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Filed under The Dukes, To research

James and the Glass Factory

I was just reading up on the Irish immigrants in Britain in the UK (google has a feature called ‘Google Scholar’ and you can millions of papers and books for free). One of the papers I was reading talked about how hard it was for the Irish to climb up the social ladder. He said it was very rare for the children of immigrants to do better than their parents, and the heavily unionized skilled trades were the hardest of all to get into. He claims it would be easier for the son of an Irish immigrant to get a job as a white collar clerk than to get a union job.

Yet that’s what my gt. gt grandfather James did. The Glass Maker’s Union was apparently one of the most powerful unions of the day so I think that getting a job in the glass factory was a real achievement. I have to learn more about the trade and the union to be sure, but it seems James might have been both smart and enterprising.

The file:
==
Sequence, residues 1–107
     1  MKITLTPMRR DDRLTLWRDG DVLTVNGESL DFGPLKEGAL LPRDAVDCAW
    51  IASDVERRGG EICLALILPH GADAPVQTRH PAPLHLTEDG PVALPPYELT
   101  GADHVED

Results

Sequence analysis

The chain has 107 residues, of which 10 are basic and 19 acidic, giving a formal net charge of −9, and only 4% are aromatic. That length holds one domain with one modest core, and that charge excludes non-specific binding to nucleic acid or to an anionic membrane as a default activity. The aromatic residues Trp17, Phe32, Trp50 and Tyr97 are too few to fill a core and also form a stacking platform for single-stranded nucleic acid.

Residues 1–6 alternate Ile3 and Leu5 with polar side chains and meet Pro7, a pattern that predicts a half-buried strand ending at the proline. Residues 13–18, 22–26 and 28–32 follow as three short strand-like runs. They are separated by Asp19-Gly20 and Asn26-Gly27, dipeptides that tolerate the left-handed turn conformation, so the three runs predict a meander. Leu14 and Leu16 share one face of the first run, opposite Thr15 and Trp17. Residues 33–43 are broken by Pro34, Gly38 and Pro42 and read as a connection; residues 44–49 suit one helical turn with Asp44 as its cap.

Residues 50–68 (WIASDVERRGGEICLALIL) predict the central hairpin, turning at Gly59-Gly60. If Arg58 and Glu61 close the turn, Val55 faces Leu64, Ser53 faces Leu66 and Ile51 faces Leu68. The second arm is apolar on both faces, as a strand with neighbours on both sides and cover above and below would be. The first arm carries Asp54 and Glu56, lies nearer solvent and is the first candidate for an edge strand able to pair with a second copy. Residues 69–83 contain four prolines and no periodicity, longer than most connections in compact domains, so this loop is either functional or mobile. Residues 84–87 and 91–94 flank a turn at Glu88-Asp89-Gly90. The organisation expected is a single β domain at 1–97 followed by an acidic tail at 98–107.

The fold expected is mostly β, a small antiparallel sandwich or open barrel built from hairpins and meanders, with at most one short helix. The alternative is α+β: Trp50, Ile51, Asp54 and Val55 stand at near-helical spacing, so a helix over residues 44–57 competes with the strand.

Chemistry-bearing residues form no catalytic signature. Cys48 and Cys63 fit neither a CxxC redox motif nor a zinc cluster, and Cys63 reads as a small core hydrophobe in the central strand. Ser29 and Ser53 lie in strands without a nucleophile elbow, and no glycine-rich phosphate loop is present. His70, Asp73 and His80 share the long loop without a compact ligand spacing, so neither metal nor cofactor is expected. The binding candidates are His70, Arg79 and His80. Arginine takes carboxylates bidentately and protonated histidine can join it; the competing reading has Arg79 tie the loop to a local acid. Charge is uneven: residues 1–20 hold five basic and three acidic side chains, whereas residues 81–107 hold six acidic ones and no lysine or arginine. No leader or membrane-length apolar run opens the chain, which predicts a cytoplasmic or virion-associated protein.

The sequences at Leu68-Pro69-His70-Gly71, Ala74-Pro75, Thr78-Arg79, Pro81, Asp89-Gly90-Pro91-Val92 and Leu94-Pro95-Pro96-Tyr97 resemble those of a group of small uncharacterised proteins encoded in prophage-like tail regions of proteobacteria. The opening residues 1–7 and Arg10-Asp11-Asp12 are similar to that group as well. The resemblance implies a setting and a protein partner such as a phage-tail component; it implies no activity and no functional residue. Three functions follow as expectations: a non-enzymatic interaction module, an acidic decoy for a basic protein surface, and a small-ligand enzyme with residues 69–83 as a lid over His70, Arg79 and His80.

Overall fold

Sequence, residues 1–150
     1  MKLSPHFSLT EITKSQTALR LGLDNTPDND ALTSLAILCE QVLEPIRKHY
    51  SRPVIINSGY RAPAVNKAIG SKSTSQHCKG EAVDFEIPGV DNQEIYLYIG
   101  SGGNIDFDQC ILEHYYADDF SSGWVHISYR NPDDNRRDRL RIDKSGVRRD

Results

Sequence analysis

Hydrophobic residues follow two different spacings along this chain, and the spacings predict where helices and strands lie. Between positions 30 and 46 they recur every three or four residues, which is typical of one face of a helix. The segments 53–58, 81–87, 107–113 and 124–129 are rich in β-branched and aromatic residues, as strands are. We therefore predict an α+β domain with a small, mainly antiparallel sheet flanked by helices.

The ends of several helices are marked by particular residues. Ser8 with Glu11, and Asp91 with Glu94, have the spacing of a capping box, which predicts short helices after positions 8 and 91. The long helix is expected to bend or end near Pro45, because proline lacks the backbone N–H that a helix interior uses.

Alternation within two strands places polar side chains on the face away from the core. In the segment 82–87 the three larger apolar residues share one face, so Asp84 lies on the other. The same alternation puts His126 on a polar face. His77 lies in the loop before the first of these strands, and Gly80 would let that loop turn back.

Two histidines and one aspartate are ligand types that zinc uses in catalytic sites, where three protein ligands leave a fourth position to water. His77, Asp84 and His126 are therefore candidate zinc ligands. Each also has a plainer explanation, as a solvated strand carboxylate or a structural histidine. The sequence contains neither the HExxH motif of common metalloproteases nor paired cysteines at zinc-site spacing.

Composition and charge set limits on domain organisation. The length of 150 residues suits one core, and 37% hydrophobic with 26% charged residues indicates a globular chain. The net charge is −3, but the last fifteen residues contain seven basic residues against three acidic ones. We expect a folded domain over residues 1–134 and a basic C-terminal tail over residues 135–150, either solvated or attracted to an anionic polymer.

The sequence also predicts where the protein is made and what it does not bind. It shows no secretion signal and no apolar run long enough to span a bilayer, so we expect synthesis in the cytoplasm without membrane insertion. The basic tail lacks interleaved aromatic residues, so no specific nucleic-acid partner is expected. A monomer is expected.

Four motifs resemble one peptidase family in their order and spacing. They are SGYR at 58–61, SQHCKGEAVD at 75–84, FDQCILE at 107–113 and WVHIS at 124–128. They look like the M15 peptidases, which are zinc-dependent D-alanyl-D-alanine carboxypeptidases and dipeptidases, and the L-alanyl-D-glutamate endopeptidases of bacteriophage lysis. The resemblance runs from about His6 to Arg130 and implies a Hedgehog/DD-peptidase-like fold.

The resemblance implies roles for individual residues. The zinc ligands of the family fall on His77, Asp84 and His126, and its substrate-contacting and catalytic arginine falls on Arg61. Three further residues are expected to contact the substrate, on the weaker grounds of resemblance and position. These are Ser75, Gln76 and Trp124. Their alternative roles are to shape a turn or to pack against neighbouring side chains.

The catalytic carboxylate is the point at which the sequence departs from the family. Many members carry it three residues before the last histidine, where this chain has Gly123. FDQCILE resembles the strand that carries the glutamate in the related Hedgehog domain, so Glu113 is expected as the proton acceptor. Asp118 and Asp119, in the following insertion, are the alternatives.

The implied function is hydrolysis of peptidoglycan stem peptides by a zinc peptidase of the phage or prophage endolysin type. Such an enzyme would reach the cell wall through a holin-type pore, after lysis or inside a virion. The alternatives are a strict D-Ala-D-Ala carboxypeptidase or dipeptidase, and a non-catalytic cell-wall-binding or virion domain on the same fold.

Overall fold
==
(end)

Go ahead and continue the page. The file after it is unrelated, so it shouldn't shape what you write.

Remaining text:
I think he probably worked at Redfern National Glass Factory on Fishergate. The factory has been torn down now, although I think I read that the tower still remains. The York archive office has the records, so when I get to York, I’d really like to see if we can find mention of James as an employee. I’m also going to look and see if anyone has written an obscure book or pamphlet about the company, just so I can know more about what it was like.

Today I ordered two mid-nineteenth century maps of York – I’d like to see the streets where they lived and modern maps don’t show them because they have all been torn down.